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Curatorial Notes: the earth and her skin

Curatorial Notes by Kimberly Shen for the earth and her skin at Art Porters Gallery, 21 March - 3 May 2020.


“You only have to look at the Medusa straight on to see her. And she’s not deadly. She’s beautiful and she’s laughing.”

― Hélène Cixous, The Laugh of the Medusa (1976)


A sexualised symbol of female monstrosity and fury, Medusa – with her slithering locks and an insatiable desire for destruction – has been the enduring subject of fascination and revolt. From her ability to turn men into stone with a swift and deathly gaze to her eventual demise – tragically decapitated by the demigod Perseus, Medusa has become a scathing metaphor in today’s male-centred narrative: the projected fear of a terrifying yet excruciatingly beautiful woman. This reading is so deeply entrenched that we often forget that Medusa is also a complex figure of redemption. Her origins prior to her monstrous transformation and her furore of being unjustly vilified are overshadowed. Rather, her defeat is glorified through the symbolic act of conquering, in the transference of power and might.


The premise of Priyageetha Dia’s the earth and her skin is similarly conditioned by fury and derived from a place of raw, visceral power. She harnesses the transformative potential of brown female anger in the reclamation of self, identity and narrative. Created in the past two months, the featured works are autobiographical allegories, symbolising tensions between the private/public, body/space, and castration/desire.


The portrait of Medusa, painted in the artist’s likeness, frames the exhibition as a subversive emblem of resistance and empowerment. Presented alongside are various artist-made objects – a hair whip, a cluster of breasts, soft phallic sculptures – quietly arranged on a carpet familiar and commonplace in local Indian households. Grotesque, perverse but strangely beautiful, these fetishised objects are the embodiment of her Indian identity, while the carpet is the symbolic housing of the brown body. The conceptualisation of home as a site of belonging is noted as a “fluid location where common ground is found and differences are accepted” (Alaoui, Moreira, Pattisapu, Shukri and Calafell, 2017). A home becomes the confluence of differential belonging which nurtures multimodal and intersectional identities. For the artist, this inclusion of plural bodies elevates the visibility of brownness; as legitimisation and recognition of her trauma, stories and experiences.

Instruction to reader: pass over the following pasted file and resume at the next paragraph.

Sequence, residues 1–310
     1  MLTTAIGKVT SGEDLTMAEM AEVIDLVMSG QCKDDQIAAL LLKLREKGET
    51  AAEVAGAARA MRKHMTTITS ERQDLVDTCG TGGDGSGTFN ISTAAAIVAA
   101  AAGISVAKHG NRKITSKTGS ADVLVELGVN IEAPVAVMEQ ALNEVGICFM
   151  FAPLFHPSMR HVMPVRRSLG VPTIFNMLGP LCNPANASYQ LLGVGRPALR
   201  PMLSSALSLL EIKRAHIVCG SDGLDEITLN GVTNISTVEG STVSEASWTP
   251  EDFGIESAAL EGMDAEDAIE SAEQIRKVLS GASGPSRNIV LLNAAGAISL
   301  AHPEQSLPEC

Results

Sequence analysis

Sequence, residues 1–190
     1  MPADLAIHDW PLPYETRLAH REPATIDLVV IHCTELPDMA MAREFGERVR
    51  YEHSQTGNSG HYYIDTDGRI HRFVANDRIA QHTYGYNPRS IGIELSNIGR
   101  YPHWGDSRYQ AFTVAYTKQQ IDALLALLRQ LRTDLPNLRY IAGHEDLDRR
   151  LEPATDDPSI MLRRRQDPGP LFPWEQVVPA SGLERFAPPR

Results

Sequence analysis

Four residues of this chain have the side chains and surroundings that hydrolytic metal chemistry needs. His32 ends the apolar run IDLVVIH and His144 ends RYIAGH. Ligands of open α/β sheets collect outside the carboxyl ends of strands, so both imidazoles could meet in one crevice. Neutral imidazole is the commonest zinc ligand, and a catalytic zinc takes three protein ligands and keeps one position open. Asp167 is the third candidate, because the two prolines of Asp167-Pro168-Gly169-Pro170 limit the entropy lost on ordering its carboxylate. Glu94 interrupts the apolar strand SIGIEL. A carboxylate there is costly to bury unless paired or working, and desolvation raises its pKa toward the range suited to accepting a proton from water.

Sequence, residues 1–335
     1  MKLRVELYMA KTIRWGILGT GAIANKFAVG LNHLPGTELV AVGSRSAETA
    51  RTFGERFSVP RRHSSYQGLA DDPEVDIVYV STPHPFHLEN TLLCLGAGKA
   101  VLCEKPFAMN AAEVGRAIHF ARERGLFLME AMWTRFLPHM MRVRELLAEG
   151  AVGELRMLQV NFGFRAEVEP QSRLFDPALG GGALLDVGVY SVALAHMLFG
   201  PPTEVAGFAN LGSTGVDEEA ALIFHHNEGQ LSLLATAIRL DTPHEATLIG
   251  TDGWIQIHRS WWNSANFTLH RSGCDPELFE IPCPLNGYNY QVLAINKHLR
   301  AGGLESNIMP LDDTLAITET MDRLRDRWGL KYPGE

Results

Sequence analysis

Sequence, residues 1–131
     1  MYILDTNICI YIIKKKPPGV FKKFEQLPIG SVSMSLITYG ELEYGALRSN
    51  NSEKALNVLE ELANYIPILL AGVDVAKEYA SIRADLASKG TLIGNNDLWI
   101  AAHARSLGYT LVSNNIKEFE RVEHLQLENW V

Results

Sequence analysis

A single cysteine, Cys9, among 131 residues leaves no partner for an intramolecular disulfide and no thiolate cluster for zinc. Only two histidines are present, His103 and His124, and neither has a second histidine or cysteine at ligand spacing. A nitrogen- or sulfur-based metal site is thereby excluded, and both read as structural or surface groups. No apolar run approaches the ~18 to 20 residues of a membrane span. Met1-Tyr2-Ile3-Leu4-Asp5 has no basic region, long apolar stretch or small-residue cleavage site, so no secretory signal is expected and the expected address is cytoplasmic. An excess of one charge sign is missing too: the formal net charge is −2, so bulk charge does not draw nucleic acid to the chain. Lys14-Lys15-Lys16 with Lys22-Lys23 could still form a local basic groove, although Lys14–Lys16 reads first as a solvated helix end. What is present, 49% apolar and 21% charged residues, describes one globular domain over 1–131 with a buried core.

To question the way brown bodies are read and consumed, Priyageetha unpacks the tokenisation and de/construction of identity, and the normalisation of racial hierarchies. A communal (brown) body is subjected to depersonalisation through perpetrated institutionalisation; their identities “created and defined by others rather than subjects who define their own realities and history” (Hooks, 1989). The desire to prescribe gestures and claim ownership of coloured/female/bodies suggest a constant subjugation of existence and being. Priyageetha’s latex works prompt tactility in the grotesque and confronts the epidermalisation of the brown body. Alluding to feminine flesh, these delicate ‘skins’ are analogous to the interior (self) and the exterior (environment) – serving as a metaphor to the threatened existence and marginalised representation of brown gendered bodies in socially-imbued spaces.


In black feminist writer Audre Lorde’s poem Coal (1997), she ruminates over “the total black” of coal drawn from the “earth’s inside”, personified through her heritage and identity. Lorde deliberately names herself “black”, thereby reasserting her own terms and source of power. As coal eventually transforms (“as a diamond comes to the knot of flame”), she creates a sublime and profound power of being black. In mediating anger and crafting her rage, Priyageetha subverts the fetishisation of her brownness and becomes the force of change. the earth and her skin is an ode and manifesto of female agency – for she is earth; sensuous, potent, and the body of civilisation.



References

Alaoui, F. Z. C., Moreira, R., Pattisapu, K., Shukri, S. and Calafel, B. M. (2017). My Name Is Not Maria/Samira: On Interchangeability of Brownness in U.S. Pedagogical Contexts, Underserved Women of Color, Voice, and Resistance: Claiming a Seat at the Table. Lexington Books

Cixous, H. (1976). The Laugh of Medusa, Signs, Vol. 1, No. 4 (Summer, 1976), pp. 875-893 (19 pages)

Hooks, B. (1989). Talking back: Thinking feminist, thinking Black. Cambridge, MA: South End

Press.

Lorde, A. (1997). The Collected Poems of Audre Lorde, W. W. Norton and Company Inc.


Download exhibition catalogue here.

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©2020 by kimberlyshen.